I am a child of humble Chicago retail folk: I proudly worked at Marshall Field’s, as did my father, and his mother before him. People who work in retail, or have at least worked one shift during the Christmas season, know one thing: Many consumer products are basically high-priced junk, fodder for landfills.
So I think there’s no shame in bringing home the occasional found object from the alley. And Logan Square is a treasure trove of unwanted furniture, clothes, and objet d’art. Before the bedbug outbreak of ’09, people in this neighborhood had a rule: if it’s in the dumpster, it’s trash. If it’s dumpster-adjacent, Febreze that bad boy and lift with the legs.
Shows like “American Pickers” and “Antiques Roadshow” are still going strong and businesses making furniture out of reclaimed wood are booming.
We live in an age where found and recycled objects are a source of conversation as well as pride. We have emerged from the crass, soulless consumerism of the ’80s and ’90s and entered the artsy-fartsy era of DIY chic.
Heck yeah, I found my couch next to a dumpster, threw a $39 Damask Jacquard slipcover over it and gave it polished brass legs that I got from Home Depot. Where’d you get your sofa—from some kind of magical store that sells furniture?
“We see a lot in the streets and alleyways”, said Scott Jaburek, the 35th Ward Superintendent of Streets and Sanitation. “I once picked up a 6-foot banana leaf plant off the curb, right before the trucks were coming for it. I still have that plant.”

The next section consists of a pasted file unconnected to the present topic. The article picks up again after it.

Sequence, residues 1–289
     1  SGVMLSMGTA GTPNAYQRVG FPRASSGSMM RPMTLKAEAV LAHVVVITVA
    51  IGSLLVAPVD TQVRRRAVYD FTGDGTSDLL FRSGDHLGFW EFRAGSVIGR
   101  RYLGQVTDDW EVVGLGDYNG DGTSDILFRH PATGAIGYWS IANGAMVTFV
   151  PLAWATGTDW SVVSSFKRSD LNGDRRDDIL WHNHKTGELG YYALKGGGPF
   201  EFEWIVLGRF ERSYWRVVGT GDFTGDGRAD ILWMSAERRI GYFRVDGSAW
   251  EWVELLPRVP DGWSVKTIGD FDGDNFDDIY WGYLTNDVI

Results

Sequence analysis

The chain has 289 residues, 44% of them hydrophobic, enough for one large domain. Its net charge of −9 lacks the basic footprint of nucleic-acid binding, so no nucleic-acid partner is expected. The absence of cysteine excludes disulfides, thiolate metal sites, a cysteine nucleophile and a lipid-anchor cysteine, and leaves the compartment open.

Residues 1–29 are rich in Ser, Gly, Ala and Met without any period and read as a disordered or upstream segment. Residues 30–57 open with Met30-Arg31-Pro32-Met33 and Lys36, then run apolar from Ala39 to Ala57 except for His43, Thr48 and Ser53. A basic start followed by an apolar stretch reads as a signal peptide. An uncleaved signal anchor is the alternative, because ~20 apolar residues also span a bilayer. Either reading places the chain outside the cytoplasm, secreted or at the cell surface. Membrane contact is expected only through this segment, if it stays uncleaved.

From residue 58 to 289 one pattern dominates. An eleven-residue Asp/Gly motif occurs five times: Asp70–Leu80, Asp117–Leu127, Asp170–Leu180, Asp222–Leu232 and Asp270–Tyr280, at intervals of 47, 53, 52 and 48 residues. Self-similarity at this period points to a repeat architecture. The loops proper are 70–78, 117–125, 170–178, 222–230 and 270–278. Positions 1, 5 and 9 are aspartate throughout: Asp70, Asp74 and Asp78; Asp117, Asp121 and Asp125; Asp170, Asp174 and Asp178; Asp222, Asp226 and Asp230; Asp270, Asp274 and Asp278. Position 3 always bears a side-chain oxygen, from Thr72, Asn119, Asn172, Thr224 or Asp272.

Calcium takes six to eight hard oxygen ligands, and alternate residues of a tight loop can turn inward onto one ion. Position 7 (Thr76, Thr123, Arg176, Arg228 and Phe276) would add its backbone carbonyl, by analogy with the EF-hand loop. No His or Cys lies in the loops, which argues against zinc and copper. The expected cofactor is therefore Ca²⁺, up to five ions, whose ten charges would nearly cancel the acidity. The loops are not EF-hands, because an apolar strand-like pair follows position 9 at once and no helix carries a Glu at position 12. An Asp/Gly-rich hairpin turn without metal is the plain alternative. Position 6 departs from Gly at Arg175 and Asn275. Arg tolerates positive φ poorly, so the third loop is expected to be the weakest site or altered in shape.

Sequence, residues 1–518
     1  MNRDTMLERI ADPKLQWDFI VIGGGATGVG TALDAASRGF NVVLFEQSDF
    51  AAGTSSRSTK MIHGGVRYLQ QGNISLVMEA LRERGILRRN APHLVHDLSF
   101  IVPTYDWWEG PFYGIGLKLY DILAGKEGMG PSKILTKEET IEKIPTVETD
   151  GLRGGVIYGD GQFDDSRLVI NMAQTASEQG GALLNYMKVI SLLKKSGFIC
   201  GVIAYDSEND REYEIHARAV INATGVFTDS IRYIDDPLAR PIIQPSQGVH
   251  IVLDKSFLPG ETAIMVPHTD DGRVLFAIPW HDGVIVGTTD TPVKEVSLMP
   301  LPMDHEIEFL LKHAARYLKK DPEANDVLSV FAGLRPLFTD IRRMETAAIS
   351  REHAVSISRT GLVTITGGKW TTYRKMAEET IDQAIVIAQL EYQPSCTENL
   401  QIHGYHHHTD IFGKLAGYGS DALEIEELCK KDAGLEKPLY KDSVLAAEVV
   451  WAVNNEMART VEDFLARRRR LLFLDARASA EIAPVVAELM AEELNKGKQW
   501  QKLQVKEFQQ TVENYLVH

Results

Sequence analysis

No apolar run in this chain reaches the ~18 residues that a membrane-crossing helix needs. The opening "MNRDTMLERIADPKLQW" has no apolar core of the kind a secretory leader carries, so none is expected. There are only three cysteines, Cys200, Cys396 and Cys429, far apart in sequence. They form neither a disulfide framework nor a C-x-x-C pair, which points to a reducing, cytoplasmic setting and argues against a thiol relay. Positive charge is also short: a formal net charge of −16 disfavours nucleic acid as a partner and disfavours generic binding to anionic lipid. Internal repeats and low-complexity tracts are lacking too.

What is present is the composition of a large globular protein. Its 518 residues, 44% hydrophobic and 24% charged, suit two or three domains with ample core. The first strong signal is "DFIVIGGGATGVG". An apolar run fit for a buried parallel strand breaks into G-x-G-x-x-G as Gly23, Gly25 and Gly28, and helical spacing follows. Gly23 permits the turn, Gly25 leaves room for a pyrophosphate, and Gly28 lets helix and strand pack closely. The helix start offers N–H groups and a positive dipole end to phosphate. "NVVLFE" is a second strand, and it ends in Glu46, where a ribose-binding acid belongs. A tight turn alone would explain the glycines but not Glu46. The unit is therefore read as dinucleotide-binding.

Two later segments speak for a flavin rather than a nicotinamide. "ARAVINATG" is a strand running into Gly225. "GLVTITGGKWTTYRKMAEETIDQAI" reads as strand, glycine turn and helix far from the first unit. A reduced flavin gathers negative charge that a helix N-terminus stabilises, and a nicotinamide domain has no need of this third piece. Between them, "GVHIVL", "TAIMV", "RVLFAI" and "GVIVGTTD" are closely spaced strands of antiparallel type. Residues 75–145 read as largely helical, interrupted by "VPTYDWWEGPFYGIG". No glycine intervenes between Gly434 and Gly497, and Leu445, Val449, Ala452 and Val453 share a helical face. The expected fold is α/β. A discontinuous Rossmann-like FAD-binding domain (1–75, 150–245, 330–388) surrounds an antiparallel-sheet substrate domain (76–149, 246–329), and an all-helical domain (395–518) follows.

With a new generation of earth-friendly residents in the area, recycling is taken seriously nowadays. There are Facebook Community Pages full of posts where people can score perfectly good U-Haul boxes, stacked neatly in a pile for someone to use or at least recycle for spare change.
Our custom of offering up and reusing free swag via social media is not only neighborly—it’s also responsible:
Chicagoans dump more than 800,000 tons of garbage into their black city garbage bins every year, That trash is then transferred to four landfills used by the city of Chicago, according to a WTTW article.
As of 2017, Chicago’s recycling rate of 9 percent is the worst in the nation, with at least five other cities in Illinois failing to meet the average U.S. recycling rates, WTTW wrote.
Speaking of Facebook: from Avondale to Wicker Park, people all over are asking, where are all of these abandoned shoes in the middle of the street coming from—is it the rapture? Thanos snap?
Other than “discarded karma,” the answer is elementary: It’s 3 a.m. and you’re walking home from the bars because you refuse to pay for an Uber. And you’ve had like, 15 wines. Some of y’all might have been so drunk, you just stepped out of those fashionable-yet-uncomfortable shoes of yours and staggered home barefoot.
In a city where people basically chug Malort (whose main ingredient can also be found in Absinthe), enjoy your Hot Girl Summer but don’t be shocked when you can’t find your shoes in the morning. You may laugh out loud at the photos of orphaned shoes on Facebook, but inwardly you’re either thinking “Are those mine?” or “Are those my size?”
As Marie Kondo has taught us, people tend to have an emotional attachment to their possessions: even if they no longer need that tattered old wicker lawn chair, they secretly hope that it will find its way into the hands of someone who will use it and love it as much as they did. And someone else will see that chair and think that it’s perfect for them, or they just can’t stand the thought of it ending up in a dumping ground.
So if you wake up on Monday morning with a hangover, wondering where your new shoes have gone, take comfort in the fact that they will probably “spark joy” on someone else’s feet.
Thanks to the Logan Square Community Facebook Page and the many members who let me use their photos:
- Lindsay Robinson
- Jessica Miller
- Megan Vandehey
- Monica Vasquez
Featured Photo: Monica Vasquez